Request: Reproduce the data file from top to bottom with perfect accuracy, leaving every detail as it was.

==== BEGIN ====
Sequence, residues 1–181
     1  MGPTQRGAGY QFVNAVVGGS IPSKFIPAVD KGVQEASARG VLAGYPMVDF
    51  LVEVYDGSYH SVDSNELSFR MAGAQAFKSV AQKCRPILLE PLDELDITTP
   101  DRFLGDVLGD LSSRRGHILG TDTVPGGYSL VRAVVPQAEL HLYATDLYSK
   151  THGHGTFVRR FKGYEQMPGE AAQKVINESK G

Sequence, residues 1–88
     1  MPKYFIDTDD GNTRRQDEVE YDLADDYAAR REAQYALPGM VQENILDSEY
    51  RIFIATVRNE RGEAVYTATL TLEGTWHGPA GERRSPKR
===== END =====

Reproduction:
Sequence, residues 1–181
     1  MGPTQRGAGY QFVNAVVGGS IPSKFIPAVD KGVQEASARG VLAGYPMVDF
    51  LVEVYDGSYH SVDSNELSFR MAGAQAFKSV AQKCRPILLE PLDELDITTP
   101  DRFLGDVLGD LSSRRGHILG TDTVPGGYSL VRAVVPQAEL HLYATDLYSK
   151  THGHGTFVRR FKGYEQMPGE AAQKVINESK G

Sequence, residues 1–88
     1  MPKYFIDTDD GNTRRQDEVE YDLADDYAAR REAQYALPGM VQENILDSEY
    51  RIFIATVRNE RGEAVYTATL TLEGTWHGPA GERRSPKR